As already mentioned, Figures 8, 9 contain different reading patterns. This means that, for both conditions, no single consecutive reading pattern could be identified by means of the EPM analyses. Consequently, students vary greatly in their mind map processing behavior. However, EPM analyses did reveal different reading sequences that were regularly executed by at least 50% of the participating students. These reading patterns and the differences between the two conditions are described below. A particular reading pattern stops at the moment that a large variety occurred in the way students proceeded their reading from that particular IA. Below, the reading patterns for both conditions are described.
In the aggregated process map of the TMM-condition students (Figure 9), eight frequently occurring reading patterns could be identified. Reading patterns are marked with the circled letters ‘a’ to ‘h’ (Figure 9). First, reading pattern ‘a,’ ‘e,’ and ‘f’ show similar characteristics: readers radiate out from the middle of the map, this is from the main branches to the superordinate and subordinate branches. However, it must be noticed that important ‘sublevels’ are skipped (e.g., students are skipping ‘atmosphere’ in the red branch, ‘animals’ in the green branch, and ‘Kyoto’ in the blue branch). Second, also reading pattern ‘b’ and ‘c’ show similarities. Both are top-down oriented, to a nearby diagonally underlying branch. Reading pattern ‘d’ in the green branch is remarkably initiated from the outer region, where students proceed in a top-down way. The largest part of the students (16/18) reconnects to the horizontally situated branch ‘drought,’ whereas 13 of the 18 students further proceed in a top-down way. Reading pattern ‘g’ and ‘h’ in the blue branch mainly follow the prescribed reading order, namely reading the branches subsequently from right-to-left. What furthermore must be noticed is the presence of three bidirectional pathways in this aggregated map (i.e., in reading pattern ‘d,’ ‘g,’ and ‘h’), indicating that students frequently switched between these IA. Also, the high number of loops for particular IA must be noticed, for instance for ‘heat remains, T on earth is rising’ (red branch), ‘melting glaciers, floods’ (green branch), ‘less food, more forest fires’ (green branch), and ‘2005 and different countries’ (blue branch) and all renewable recourses (blue branch).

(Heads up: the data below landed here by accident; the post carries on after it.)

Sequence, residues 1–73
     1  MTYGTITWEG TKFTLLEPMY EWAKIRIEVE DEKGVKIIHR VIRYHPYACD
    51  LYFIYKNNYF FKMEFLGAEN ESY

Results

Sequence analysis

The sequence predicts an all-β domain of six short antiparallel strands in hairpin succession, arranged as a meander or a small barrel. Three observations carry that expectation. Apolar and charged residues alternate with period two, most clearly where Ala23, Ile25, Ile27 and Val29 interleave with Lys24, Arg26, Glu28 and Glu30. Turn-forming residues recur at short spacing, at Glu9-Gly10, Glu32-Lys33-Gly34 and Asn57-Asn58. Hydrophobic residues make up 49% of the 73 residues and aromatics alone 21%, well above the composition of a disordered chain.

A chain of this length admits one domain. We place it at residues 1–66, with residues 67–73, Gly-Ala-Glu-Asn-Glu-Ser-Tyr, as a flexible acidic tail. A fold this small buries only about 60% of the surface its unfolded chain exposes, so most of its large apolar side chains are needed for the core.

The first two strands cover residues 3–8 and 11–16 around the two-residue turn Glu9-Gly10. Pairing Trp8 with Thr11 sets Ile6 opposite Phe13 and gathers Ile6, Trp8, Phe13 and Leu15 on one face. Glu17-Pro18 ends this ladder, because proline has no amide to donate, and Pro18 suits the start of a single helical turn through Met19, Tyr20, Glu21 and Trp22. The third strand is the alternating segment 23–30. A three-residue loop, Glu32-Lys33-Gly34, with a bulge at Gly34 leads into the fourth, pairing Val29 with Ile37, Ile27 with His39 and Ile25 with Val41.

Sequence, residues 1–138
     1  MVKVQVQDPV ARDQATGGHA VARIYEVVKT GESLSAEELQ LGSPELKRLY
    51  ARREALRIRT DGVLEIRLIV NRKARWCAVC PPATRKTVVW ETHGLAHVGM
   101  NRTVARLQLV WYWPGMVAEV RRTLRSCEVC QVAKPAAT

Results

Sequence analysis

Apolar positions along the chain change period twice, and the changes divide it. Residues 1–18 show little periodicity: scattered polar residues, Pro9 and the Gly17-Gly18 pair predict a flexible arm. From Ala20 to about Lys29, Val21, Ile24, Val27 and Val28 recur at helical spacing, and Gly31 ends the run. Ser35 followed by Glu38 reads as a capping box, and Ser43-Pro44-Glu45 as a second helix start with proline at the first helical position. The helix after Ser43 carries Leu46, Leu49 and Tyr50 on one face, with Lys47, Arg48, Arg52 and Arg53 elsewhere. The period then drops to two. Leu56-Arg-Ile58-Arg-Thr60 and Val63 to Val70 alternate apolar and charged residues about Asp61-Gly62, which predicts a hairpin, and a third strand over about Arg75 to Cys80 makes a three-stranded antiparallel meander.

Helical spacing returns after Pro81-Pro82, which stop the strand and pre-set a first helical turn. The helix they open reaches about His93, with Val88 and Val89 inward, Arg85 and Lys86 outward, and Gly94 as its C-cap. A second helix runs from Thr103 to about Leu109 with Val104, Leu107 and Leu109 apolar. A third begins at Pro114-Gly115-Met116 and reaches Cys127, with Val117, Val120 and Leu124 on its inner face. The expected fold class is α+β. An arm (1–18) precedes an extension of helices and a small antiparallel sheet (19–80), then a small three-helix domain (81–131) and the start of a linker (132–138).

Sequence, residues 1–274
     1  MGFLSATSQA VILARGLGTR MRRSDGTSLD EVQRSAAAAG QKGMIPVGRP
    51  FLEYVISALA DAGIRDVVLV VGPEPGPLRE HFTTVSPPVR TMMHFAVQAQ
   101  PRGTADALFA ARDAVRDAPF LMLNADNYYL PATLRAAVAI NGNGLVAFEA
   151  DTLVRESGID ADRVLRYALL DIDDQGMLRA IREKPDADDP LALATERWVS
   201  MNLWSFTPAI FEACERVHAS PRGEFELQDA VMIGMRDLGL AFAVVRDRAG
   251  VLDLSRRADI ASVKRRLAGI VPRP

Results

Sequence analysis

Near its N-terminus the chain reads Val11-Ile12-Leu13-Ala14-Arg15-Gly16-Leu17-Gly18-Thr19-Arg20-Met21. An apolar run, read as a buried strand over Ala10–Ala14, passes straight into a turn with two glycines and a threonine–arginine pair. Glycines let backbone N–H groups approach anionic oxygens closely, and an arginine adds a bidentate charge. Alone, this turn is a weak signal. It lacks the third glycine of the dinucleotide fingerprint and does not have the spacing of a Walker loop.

In the aggregated process map of the MTT-condition students, 5 frequently occurring reading patterns could be identified. These are marked with the circled letters ‘a’ to ‘e’ in Figure 8. In ‘reading pattern a,’ students are reading horizontally, and bottom-up (to ‘sun rays’). Interestingly, half of the students proceeded consecutively to the upper section of the blue branch. Reading pattern ‘b’ and ‘d’ show similarities, in a way that students here seem to apply a slightly reverse clockwise approach in reading. It must be noticed that reading patterns ‘a,’ ‘b,’ and ‘d’ all show this bottom-up reading approach to a diagonally upper lying branch. In reading pattern ‘c,’ 15 of the 18 students skip an intermediate level (i.e., ‘drought’). Reading pattern ‘e’ is characterized with the prescribed right-to-left reading order. Interestingly here is that no bidirectional pathways occurred. However, also here, some frequently occurring loops were present, for ‘heat remains, T on earth is rising’ (red branch), ‘less food, more forest fires’ (green branch), ‘2005 and different countries’ (blue branch), and all renewable recourses (blue branch).